In his book "Mathematical Mind-Benders", Peter Winkler poses the following open problem, originally due to the first author: "[In the game Peer Pressure,] two players are dealt some number of cards, initially face up, each card carrying a different integer. In each round, the players simultaneously play a card; the higher card is discarded and the lower card passed to the other player. The player who runs out of cards loses. As the number of cards dealt becomes larger, what is the limiting probability that one of the players will have a winning strategy?"

We show that the answer to this question is zero, as Winkler suspected. Moreover, assume the cards are dealt so that one player receives \(r \ge 1\) cards for every one card of the other. Then if \(r \lt \varphi = \frac{1+\sqrt 5}2\), the limiting probability that either player has a winning strategy is still zero, while if \(r > \varphi\), it is one.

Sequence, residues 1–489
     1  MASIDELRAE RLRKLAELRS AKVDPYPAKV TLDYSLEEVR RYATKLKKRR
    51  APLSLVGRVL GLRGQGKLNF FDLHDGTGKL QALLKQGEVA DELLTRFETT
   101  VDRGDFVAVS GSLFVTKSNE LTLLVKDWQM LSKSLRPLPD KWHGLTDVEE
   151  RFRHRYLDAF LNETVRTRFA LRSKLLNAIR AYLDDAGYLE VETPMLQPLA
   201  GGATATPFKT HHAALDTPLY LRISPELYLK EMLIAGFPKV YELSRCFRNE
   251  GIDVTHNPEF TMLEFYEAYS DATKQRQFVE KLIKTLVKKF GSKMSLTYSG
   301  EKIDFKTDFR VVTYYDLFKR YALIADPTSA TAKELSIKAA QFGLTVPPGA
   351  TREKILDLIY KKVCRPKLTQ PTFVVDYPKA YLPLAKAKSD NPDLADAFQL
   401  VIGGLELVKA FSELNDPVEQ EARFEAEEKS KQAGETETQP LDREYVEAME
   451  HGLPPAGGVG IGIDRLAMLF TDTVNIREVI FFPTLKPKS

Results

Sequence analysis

Boris Alexeev and Jacob Tsimerman
*An analysis of a war-like card game*

American Mathematical Monthly **119** (2012), no. 9, 793–795.